From “one of Britain’s most original young writers” (The Observer), a blistering account of a marriage in crisis and a portrait of a woman caught between withdrawal and self-assertion, depression and rage.
Neve, the novel’s acutely intelligent narrator, is beset by financial anxiety and isolation, but can’t quite manage to extricate herself from her volatile partner, Edwyn. Told with emotional remove and bracing clarity, First Love is an account of the relationship between two catastrophically ill-suited people walking a precarious line between relative calm and explosive confrontation.
I’m currently trying to work my way through the shortlist for the Bailey’s Prize and as this one looked the shortest, I figured I may as well cross it off first.
I didn’t read the synopsis before starting this book, but the book is basically exactly what it says. It’s a series of snapshots of Neve’s life showing her daily activities and her emotionally abusive relationship. There’s not much plot, it’s rather an in-depth character study of Neve and we slowly learn more about her, and her relationship.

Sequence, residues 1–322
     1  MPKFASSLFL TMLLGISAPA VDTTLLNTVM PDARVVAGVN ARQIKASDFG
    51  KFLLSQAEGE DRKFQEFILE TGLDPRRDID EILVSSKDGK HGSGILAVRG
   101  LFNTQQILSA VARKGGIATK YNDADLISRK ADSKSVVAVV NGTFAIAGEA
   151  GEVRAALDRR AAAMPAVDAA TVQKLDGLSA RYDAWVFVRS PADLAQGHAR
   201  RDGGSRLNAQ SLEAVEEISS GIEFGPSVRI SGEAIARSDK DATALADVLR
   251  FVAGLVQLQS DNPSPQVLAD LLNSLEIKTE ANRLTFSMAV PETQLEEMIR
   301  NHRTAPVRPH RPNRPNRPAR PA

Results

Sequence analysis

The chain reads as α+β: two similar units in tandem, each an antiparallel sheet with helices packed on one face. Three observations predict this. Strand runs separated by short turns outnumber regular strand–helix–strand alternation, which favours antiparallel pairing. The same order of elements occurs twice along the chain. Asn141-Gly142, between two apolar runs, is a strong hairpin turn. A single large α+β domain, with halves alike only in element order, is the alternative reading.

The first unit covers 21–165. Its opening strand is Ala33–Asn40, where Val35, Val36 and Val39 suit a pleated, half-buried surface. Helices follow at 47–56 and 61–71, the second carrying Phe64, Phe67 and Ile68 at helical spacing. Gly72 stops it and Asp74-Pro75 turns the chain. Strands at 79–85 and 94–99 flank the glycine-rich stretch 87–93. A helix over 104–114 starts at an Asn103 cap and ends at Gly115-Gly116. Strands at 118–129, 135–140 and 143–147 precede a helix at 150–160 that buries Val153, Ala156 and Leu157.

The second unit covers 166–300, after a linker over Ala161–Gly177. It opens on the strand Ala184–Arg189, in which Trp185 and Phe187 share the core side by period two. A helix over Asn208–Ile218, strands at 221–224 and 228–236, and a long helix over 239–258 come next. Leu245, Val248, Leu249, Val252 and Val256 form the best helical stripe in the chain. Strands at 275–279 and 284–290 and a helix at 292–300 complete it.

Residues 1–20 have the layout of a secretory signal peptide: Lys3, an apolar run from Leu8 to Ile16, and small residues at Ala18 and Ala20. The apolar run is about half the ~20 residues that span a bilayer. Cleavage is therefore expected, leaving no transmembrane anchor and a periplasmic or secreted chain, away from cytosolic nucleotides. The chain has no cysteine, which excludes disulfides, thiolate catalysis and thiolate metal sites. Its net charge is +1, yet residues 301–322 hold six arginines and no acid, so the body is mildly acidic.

Now, I’m not the biggest fan of these types of novels however the writing was absolutely excellent and I can definitely see why it was shortlisted. Unfortunately, this was just not a book I enjoyed reading. The abusive relationship between her and her husband, Edwyn, was quite painful to read and I would definitely say to be very careful when reading it if you’ve been in an abusive relationship yourself as it distressed me greatly and brought back memories I try and not think about. Of course, the reason this distressed me so much was because the characters were so well written and it was so realistic to me.
So yes, although I personally did not enjoy this book at all and was greatly distressed by it, I do recognise how brilliant it is and it’s an excellent and realistic portrayal of a woman who is stuck in an abusive relationship. If that is something you feel comfortable reading about, then I would definitely recommend it but with heavy, heavy trigger warnings for domestic abuse.